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What A Mess

February 7, 2006 by in category Archives tagged as

By Tina Ralph

Strolling down the aisle, all dressed in black, as gorgeous as ever, was the one person in the world, April didn’t want to see. Still, the unexpected sight of him caused her to choke out his name. To her horror, he turned and looked at her.

Kirk’s face showed he wasn’t any happier to see her, but he quickly recovered.

She ignored the sudden butterflies in her stomach. “Hello, Kirk, it’s been awhile.”

He pushed his cart closer. “Not since Janet moved out. Almost a year.”

“Janet told me when your divorce was final. I wanted to call – but – well… I didn’t know what to say.” To cover her awkwardness, she rushed on. “I always consider you, my friend too. We had fun together, but…”

Embarrassed, she looked down. The divorce had been a hot item among friends. They wanted someone to blame. She’d been mentioned as a contributing factor.

“Don’t worry about it, April.” Kirk continued. “I haven’t had much time to socialize anyway. I received the house in the divorce settlement. I spent my weekend on home improvement projects. You remember our fixer-upper. Don’t you?”

“Yes,” Amber was glad he’d changed the subject.

A lady with two small children broke up their conversation, as she tried to edge passed them.

“It looks like we are holding up traffic.” April pushed her cart forward, letting the woman pass. “Besides, my ice cream is melting.”

He hesitated a moment. “Maybe we can get together sometime…do something?”

Thrilled with the idea of pursuing a relationship with him, April tempered her enthusiasm with a wave of her hand. “Sure, give me a call.”

At the checkout counter, her pulsed danced at the possibilities of him calling. Kirk, with his incredible teddy bear brown eyes, made everyone feel special. He a wonderful man, except for the fact, that he was her best friend’s ex-husband.

Would Janet mind? She was dating other men.

Was it worth their friendship?

It could get complicated.

“It really doesn’t matter,” April said to herself. “He’s not going to call, anyway.”

* *

April stood in the middle of the video store with a movie in each hand, trying to make up her mind.

A rich baritone voice over her left shoulder caught her off guard. “I’d pick the comedy. Heavy drama is too depressing.”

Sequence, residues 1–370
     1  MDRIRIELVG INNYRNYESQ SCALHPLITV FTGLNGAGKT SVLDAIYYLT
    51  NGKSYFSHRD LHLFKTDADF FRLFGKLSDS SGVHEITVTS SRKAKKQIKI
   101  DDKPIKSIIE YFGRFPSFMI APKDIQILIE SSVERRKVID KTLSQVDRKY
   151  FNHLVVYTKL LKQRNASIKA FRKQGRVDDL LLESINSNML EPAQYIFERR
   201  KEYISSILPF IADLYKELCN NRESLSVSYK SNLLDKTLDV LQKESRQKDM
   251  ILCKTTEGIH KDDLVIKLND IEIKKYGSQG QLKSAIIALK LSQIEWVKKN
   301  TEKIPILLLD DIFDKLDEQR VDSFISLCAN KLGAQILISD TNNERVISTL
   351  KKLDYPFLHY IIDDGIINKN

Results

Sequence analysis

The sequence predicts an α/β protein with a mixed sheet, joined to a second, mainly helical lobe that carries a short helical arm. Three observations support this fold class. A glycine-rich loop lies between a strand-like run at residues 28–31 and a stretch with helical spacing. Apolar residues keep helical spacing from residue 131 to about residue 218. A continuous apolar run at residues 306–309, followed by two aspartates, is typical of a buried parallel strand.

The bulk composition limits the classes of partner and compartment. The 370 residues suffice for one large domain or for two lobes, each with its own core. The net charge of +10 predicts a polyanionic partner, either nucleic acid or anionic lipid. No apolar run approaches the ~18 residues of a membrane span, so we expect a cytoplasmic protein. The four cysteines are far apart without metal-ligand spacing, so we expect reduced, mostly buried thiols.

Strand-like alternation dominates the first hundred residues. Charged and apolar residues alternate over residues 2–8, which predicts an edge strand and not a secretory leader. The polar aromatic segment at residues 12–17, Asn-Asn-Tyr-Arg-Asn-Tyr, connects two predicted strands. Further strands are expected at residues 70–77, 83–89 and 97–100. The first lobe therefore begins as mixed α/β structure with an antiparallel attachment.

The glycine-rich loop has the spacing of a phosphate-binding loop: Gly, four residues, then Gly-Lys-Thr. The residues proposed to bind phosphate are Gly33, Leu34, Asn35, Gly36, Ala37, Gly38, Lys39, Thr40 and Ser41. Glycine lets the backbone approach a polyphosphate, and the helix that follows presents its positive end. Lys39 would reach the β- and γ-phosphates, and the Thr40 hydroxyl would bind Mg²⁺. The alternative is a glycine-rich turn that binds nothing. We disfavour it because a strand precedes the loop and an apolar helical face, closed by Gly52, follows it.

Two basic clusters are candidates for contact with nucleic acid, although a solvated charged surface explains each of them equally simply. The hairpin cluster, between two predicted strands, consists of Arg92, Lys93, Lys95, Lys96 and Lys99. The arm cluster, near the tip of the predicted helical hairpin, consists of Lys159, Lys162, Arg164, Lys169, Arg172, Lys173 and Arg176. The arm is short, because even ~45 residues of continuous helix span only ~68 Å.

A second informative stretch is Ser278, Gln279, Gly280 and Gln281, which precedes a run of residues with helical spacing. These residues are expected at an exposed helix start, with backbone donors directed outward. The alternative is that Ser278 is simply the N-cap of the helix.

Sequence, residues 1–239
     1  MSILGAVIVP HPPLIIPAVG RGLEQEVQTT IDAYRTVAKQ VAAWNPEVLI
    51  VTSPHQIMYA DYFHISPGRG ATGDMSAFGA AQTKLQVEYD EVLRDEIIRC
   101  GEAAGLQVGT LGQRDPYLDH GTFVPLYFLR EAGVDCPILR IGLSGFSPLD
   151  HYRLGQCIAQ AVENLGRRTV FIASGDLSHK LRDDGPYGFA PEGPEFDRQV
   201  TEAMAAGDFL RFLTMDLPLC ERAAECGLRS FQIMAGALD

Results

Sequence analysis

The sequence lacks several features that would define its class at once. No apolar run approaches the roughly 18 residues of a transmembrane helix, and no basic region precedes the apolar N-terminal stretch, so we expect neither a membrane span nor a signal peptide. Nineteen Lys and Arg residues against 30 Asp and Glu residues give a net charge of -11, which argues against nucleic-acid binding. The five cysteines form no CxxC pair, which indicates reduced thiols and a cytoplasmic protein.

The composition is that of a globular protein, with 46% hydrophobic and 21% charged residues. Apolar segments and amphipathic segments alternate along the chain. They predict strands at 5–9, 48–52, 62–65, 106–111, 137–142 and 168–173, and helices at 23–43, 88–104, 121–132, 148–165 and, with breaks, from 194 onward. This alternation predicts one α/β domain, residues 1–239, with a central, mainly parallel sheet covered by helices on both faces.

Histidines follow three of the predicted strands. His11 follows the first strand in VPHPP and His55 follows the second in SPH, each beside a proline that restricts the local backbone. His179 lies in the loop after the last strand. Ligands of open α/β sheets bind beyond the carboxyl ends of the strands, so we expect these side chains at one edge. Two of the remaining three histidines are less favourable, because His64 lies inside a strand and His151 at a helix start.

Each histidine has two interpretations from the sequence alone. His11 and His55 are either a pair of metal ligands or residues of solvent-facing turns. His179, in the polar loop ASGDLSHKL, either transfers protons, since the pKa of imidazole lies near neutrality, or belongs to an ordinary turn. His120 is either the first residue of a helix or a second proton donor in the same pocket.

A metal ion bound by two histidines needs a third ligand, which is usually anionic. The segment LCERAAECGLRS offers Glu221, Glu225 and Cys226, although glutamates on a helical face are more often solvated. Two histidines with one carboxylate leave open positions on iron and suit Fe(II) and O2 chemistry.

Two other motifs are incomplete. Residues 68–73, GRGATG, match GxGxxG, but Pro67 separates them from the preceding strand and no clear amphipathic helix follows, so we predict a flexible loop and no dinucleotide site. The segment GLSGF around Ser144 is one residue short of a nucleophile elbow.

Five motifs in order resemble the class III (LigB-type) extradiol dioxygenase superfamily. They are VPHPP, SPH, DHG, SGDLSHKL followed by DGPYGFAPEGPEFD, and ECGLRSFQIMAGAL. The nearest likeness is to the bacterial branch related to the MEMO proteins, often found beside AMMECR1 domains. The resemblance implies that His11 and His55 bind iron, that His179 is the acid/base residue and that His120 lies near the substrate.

Turning quickly, April brushed against Kirk’s shoulder as she looked up into his face. “Fancy meeting you here.”

His quick grin and the spark of interest in his eyes lightened her heart.

“I like to get my videos on Thursday. That way I beat the crowds.” He reached for the case in her hand. “Why don’t I rent this one? And you can come over Saturday and watch it with me.”

Letting him take it, she attempted to settle her racing heart. “I’m not sure you’ll like that one. It’s a chick flick.”

“It doesn’t matter.” He slid a friendly arm around her shoulders.

* *

Nervously, April took a deep breath and pushed the doorbell. Dressed in jeans and a tee shirt, she wanted to look friendly but not eager.

The door opened, Kirk stood before her holding a paint roller in his hand, paint splattered all over him.

Shock flashed across his face. “It can’t be six o’clock?”

Fascinated by the blue specks in his hair, April questioned. “Is it a bad time?”

He stepped back, ushering her into the house. “No, its just I–forgot the time.”

“I…” Seeing the living room in total disarray with furniture piled in the middle of the room, a plastic tarps lying next to a half-painted wall, April paused. “Maybe I should come back later?”

He blocked the door. “I can have it cleaned up in a minute. All I need to do is pour the paint back in the can, and clean out the roller. Then we can turn on the movie.” He hurried past her.

“But Kirk, you’re not finished. You don’t want to have to drag all this stuff back out tomorrow.” April argued.

“It’s no big deal. I can leave it like this.”

Her eyes roamed the room. “This type of chaos drove Janet wild. She likes things to be neat and tidy with no changes to upset her peaceful tranquility.”

Considering all work he had accomplished, April continued. “I could never understand why? I think it might be nice to change things up ever so often. It’s what makes a house a home.”

He studied her for a moment over the paint can before he replied. “It makes a mess.”

“Funny, I always enjoyed a little adventure in my life.”

He looked up again, their eyes met. In that moment, something passed between them. April wasn’t sure what it was, but she felt the spark of electricity.

With a wicked grin, Kirk asked. “Wanna get messy?”

Tina Ralph
OCC/RWA Membership Director

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This Gidget Finally Gets Her Moondoggie:

February 6, 2006 by in category Archives tagged as , ,

By Bobbie Cimo

I think every girl growing up wishes she was like someone she has seen in the movies. Well, I was no exception to the rule. The moment I saw the original Gidget, starring Sandra Dee, I fell in with the character and with of course, her leading man, Moondoggie. Moondoggies have come and gone, but to me, nothing compares to the original one, James Darren. Or as his friends call him, Jimmy. Me, I just call him Gorgeous.

So in love with the movie, I named my first car “Gidget”. Once, I had a puppy…well, you guessed it…I named her Gidget, too. But I think the most memorable thing I did, in honor of my idol, was when I asked my father to put my bicycle up on cement blocks, lifting the wheels off the ground, so I could balance my feet on the pedals and pretend I was on my very own surfboard, shooting the curls. By the way, did I mention I wasn’t a well-balanced child? .